Walk Like A Man – Rediscovering ‘The Wanderers’ (US 1979 – 117 mins)

Posted in Rediscover by - July 10, 2015
Walk Like A Man – Rediscovering ‘The Wanderers’ (US 1979 – 117 mins)

A film that features in many people’s top 10, Philip Kaufman’s nostalgic ‘The Wanderers’ is a near masterpiece that still mesmerizes after all these years. An adult story of teenage angst, I think it’s one of the best coming-of-age movies ever made.

Set in 1963 in the Bronx, the story centres around various gang cultures (including the ‘Baldies’, ‘Wong’s’ and ‘Del Bombers’) and their bitter rivalry to rule the streets. Focussing on the slick Italian gang ‘The Wanderers’, the movie follows their fights, fortunes and female-chasing, before culminating in a rival football game where sworn enemies are forced to join forces to fend off the hardest gang of all, The Ducky Boys.

Sometimes violent and often funny, the acting here is superb across the board. Ken Wahl and John Friedrich are faultless as best friends Richie and Joey, while fellow Wanderer Alan Rosenberg is terrific as the tragic Turkey. A 28 year old Karen Allen has an early role as Nina, the object of Richie’s affection, two years before finding fame in ‘Raiders of the Lost Ark’ (’81), and Toni Kalem is excellent as Richie’s long-suffering girlfriend Despie. The wonderful Linda Manz shines as the tiny girlfriend of the giant leader of the ‘Baldies’, and William Andrews is unforgettable as Joey’s father, an angry bodybuilder obsessed with the Greek physique. Dolph Sweet is suitably menacing as a local Mafioso, while Olympia Dukakis has an early role as Joey’s mom.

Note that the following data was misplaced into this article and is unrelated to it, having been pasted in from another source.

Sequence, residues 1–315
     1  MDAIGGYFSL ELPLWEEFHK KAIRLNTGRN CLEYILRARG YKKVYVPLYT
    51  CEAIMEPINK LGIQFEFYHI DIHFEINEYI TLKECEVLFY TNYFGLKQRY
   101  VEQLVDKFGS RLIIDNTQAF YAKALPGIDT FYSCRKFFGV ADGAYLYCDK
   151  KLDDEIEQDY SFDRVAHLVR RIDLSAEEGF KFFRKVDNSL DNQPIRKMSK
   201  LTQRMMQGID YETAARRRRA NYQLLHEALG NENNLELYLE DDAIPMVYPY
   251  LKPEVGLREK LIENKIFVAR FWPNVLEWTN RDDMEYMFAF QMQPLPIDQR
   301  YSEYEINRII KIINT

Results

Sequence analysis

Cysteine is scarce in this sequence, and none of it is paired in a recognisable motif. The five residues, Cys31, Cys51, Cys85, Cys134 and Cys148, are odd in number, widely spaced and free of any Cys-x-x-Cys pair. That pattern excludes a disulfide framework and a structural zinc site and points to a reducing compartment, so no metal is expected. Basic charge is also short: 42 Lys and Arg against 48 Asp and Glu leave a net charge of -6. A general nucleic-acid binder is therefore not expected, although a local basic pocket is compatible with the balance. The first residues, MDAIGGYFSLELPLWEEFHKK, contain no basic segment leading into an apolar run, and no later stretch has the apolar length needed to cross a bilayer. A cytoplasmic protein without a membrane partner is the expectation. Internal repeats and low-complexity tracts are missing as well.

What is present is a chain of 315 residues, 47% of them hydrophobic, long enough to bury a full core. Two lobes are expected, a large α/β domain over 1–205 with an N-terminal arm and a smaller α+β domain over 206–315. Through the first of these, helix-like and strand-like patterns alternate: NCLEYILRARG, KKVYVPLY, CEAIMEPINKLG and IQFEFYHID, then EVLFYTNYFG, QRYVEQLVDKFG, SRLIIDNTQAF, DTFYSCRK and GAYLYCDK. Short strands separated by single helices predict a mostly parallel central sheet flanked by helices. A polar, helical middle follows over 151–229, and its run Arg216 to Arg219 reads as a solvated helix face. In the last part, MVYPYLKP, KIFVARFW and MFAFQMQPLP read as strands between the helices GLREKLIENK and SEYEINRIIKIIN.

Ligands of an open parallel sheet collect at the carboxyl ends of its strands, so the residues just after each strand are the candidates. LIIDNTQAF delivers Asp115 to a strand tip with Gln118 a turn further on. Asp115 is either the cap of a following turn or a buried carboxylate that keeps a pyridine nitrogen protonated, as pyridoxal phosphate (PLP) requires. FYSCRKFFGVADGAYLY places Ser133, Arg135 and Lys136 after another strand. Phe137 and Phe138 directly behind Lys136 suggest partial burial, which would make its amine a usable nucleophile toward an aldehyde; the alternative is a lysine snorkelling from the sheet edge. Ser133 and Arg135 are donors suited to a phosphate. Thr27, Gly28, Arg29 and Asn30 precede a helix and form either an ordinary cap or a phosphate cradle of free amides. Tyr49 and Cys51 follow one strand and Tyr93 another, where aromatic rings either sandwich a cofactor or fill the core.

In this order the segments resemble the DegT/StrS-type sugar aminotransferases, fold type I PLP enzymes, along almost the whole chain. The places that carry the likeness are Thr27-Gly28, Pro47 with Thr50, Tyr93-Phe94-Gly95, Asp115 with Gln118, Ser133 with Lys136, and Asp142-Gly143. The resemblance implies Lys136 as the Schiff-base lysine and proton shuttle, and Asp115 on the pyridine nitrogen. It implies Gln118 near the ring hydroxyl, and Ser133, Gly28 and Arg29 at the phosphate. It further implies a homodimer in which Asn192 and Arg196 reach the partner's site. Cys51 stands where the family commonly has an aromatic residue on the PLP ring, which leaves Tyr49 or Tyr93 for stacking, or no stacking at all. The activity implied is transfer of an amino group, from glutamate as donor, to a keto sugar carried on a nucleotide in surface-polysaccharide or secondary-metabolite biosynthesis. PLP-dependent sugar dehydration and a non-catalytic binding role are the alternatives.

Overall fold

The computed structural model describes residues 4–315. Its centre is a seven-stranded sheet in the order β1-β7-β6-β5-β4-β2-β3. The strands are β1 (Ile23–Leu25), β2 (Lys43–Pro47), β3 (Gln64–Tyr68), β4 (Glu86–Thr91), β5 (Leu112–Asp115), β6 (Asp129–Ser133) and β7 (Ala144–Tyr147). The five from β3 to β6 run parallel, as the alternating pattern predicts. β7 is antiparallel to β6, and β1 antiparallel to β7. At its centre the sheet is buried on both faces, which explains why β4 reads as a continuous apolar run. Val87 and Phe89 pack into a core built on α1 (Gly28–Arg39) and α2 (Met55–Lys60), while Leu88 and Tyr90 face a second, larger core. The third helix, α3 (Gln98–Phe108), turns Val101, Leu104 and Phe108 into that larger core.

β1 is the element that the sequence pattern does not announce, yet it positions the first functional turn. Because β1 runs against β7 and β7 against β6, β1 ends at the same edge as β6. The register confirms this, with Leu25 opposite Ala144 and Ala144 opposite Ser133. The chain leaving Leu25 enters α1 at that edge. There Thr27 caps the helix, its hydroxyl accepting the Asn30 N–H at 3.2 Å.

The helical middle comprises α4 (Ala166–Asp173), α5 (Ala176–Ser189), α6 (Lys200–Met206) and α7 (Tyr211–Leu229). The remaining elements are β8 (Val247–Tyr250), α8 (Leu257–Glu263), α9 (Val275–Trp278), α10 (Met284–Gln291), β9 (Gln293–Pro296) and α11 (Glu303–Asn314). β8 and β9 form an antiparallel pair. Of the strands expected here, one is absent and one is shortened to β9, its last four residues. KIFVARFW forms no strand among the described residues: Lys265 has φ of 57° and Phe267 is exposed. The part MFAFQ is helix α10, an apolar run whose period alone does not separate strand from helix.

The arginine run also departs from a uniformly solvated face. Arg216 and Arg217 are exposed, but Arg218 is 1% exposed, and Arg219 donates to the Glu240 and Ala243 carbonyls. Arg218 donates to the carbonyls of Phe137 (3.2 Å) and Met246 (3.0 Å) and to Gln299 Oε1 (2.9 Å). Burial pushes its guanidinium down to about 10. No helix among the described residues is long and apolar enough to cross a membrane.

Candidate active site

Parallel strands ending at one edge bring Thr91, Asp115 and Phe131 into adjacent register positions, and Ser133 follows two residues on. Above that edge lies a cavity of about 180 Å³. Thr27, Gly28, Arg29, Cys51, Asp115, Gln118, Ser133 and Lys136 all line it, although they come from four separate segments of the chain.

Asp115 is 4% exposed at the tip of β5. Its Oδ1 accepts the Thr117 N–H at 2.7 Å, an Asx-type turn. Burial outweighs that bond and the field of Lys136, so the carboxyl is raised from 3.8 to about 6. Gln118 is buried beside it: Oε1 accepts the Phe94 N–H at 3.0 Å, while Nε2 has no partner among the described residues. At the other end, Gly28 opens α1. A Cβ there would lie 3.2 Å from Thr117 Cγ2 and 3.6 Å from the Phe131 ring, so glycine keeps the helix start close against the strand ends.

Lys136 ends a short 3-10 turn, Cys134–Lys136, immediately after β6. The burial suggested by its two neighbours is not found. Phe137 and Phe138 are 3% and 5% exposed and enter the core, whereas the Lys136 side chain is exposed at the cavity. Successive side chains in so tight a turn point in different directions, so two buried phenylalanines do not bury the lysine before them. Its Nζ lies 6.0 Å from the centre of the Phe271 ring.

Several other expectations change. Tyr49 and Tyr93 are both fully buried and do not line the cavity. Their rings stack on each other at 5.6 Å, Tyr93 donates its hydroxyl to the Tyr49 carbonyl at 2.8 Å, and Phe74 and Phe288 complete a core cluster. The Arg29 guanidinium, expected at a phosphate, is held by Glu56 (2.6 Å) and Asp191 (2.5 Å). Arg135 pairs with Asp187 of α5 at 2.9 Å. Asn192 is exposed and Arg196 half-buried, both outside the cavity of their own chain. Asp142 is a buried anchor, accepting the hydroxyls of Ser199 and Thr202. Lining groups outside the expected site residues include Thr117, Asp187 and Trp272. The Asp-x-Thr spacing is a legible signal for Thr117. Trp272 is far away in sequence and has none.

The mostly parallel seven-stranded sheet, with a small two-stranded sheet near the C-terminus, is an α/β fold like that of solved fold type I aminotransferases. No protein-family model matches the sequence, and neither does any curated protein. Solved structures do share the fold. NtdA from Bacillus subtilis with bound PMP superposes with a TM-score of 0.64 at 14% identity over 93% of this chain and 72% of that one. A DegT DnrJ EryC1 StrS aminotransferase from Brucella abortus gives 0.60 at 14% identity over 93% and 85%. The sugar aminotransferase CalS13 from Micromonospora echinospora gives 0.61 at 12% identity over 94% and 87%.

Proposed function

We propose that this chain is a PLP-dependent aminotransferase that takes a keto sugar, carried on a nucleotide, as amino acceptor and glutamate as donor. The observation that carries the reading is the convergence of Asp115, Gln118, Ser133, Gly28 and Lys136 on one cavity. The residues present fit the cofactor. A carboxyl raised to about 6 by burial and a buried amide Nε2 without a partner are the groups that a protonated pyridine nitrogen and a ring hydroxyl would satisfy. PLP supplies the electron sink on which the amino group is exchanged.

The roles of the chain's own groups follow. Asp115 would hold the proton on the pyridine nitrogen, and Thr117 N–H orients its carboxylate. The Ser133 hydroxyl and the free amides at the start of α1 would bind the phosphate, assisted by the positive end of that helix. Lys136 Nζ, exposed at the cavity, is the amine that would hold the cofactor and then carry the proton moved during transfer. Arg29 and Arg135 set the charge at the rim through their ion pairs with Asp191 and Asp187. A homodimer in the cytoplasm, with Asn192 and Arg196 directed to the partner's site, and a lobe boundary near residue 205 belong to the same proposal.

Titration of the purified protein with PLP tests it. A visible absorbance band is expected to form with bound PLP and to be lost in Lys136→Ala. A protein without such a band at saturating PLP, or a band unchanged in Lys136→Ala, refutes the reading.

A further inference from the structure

‘The Wanderers’ has many classic moments including the very un-PC ‘elbow-titting’ scene, the rigged strip poker game, and of course the climactic football game which turns into an all-out battle with the infamous Ducky Boys, who are more frightening to me than any number of Freddy Krueger’s!

Writer-director Philip Kaufman lovingly captures the era, notably the fashions, the cars and of course the music. The fantastic Rock n’ Roll soundtrack is one of cinema’s best, and puts to excellent use such greats as ‘Runaround Sue’, ‘You Really Got a Hold on Me’, ‘Baby It’s You’ and a quite moving scene of JFK’s assassination newsreel while ‘Stand By Me’ plays out in the background. I also like the inclusion of a scene at the end where Karen Allen’s beatnik goes to an early Bob Dylan gig, hearing him sing “The Times They Are A-Changin’, ushering in a new type of sound for a whole new generation.

In an era of Vietnam, political assassinations and individual uncertainty, ‘The wanderers’ is a deserved cult classic and has not dated at all. It’s still very funny, brutally honest, and being about family, friendship, loyalty and growing up, it’s another of those Seventies classics that I never tire of watching. Maybe my choice for favourite movie of 1979.

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